It’s six months since the first case of Covid-19 was diagnosed in Australia. The milestone invites a review of how we’ve managed the outbreak thus far and a preview of where we might be headed. For the first four months or so we seemed to have it under control. But then community transmission flared in Melbourne and that has triggered a much wider national concern.
There are many questions. What is the overall shape of the pandemic? How long will it last? How many people will die? How many businesses and jobs will evaporate? How will we be changed by this adversity?
In Australia, the flu pandemic of 1919 killed 15,000 people in a population of five million – about what Melbourne’s population is today. It does not appear that Covid-19 will claim anywhere near that number of lives, and the overall comparison offers some hope. It could be that a pandemic of this type and scale in an Australian context has the capacity to operate for about 12 months – and if this is the case then we’re at about the halfway mark right now.
Surviving a national pandemic and all the associated economic impacts and ravages requires businesses to be agile and adaptive, and the community to remain unfailingly self-disciplined and united. Of course it’s possible to point to incidents that would suggest otherwise, but for the most part I think we’ve managed to remain united (perhaps with some sniping) and have adapted well to our straitened circumstances, generally with good humour. That, plus good sanitation and personal hygiene, daily messaging from leadership, as well as – and I do think this is an important difference from 1919 – the replacement of cash with electronic transactions. The handling of cash now seems fraught with risk.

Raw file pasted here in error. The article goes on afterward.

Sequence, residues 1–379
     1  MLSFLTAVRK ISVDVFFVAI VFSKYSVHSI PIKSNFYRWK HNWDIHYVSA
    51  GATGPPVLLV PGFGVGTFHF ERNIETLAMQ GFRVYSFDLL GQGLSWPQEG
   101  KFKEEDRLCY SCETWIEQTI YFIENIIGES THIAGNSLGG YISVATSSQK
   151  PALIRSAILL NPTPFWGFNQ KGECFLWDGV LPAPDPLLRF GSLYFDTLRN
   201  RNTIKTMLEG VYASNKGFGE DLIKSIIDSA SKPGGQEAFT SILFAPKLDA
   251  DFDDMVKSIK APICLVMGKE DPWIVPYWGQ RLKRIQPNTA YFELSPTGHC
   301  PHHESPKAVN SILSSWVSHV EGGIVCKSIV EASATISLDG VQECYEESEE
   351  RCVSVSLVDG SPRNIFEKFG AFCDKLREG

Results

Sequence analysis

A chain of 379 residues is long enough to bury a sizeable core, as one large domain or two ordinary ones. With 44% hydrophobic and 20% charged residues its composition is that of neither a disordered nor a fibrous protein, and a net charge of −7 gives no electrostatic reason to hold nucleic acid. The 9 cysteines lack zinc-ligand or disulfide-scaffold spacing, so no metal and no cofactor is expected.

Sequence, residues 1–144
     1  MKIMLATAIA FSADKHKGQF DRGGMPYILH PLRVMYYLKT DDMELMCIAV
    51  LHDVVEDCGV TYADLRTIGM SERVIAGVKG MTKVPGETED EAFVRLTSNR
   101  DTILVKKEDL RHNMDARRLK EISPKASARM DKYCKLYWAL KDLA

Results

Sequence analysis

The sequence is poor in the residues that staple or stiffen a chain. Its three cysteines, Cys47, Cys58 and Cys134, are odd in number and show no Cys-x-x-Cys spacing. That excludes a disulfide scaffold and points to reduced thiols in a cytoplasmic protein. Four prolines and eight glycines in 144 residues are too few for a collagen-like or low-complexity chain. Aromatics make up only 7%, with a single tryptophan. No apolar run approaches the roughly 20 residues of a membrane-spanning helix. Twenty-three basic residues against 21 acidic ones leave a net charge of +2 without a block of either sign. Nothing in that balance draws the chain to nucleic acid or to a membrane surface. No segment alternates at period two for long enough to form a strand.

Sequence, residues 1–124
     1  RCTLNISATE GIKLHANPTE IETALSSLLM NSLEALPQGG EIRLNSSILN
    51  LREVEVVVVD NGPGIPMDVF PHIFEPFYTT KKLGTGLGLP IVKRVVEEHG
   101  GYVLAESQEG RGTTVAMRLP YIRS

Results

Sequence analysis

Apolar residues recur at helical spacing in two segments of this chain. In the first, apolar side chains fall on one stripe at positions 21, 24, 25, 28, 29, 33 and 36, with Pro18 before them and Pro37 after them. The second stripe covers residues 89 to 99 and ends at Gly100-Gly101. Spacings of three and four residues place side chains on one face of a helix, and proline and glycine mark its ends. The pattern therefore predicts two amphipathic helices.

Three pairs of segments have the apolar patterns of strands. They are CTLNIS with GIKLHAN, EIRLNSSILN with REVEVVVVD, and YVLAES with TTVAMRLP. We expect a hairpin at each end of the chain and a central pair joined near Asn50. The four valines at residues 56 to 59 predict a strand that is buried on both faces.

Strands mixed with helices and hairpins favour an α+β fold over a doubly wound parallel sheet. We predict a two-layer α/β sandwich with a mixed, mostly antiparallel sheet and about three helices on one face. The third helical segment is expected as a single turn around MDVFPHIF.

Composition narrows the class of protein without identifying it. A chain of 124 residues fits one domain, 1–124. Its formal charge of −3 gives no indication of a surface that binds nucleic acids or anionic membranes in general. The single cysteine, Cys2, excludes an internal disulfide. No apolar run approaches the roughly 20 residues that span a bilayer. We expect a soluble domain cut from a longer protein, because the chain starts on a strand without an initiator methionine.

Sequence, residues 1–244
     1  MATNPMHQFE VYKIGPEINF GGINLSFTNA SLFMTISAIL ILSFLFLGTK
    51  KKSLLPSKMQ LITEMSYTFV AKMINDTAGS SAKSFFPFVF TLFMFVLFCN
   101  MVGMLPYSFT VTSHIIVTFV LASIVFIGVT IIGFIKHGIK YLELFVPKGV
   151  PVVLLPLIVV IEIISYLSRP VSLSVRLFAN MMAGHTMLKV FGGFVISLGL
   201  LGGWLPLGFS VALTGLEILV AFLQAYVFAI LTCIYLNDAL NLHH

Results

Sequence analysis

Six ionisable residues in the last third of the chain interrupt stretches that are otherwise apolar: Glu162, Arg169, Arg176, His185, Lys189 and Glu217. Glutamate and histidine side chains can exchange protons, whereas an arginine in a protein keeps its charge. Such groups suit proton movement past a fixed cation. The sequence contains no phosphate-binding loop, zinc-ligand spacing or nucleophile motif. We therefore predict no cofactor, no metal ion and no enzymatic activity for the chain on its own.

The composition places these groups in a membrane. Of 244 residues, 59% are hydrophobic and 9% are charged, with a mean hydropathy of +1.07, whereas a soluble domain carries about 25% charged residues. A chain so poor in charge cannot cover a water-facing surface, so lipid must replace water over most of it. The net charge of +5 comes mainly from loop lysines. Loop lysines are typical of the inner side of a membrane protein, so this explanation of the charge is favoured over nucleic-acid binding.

If I’m right, and we’re at about the halfway mark, the next six months could well be the toughest time of all. Government support will be scaled back. Many businesses that managed to hold on for several months could well run out of reserves. And then there’s the possibility of battle fatigue setting in.
It leads me to conclude that one of the most important attributes required over the balance of this year is strong mental health. People who remain connected, upbeat and hopeful about the future are most likely to emerge in a stronger position to reap the rewards of post-pandemic opportunities. It’s easy to recede into a netherworld of Netflix, self-pity and of wishing-it-was-over. It’s not over. There’s a long way to go. We need to remain mentally strong.
In addition to the wearing of masks and the enforcement of social distancing protocols, what I think we need is a program to support mental health. This would be a program of community support that costs nothing, that builds relationships, and that gives strength to those who are living silently and stoically on the edge.
In the meantime, reach out to those in lockdown to show that you care, to show that there is a common bond of humanity, to show that there is light at the end of the tunnel. Surviving the pandemic of 2020 involves getting through to the other side, not necessarily with a job or a business intact, but at the very least with a positive disposition, good mental health and strong interpersonal relationships. We can’t yet vaccinate against coronavirus, but we can beat it by remaining united and adaptive and by being irrepressibly positive about the future.
Source: The Australian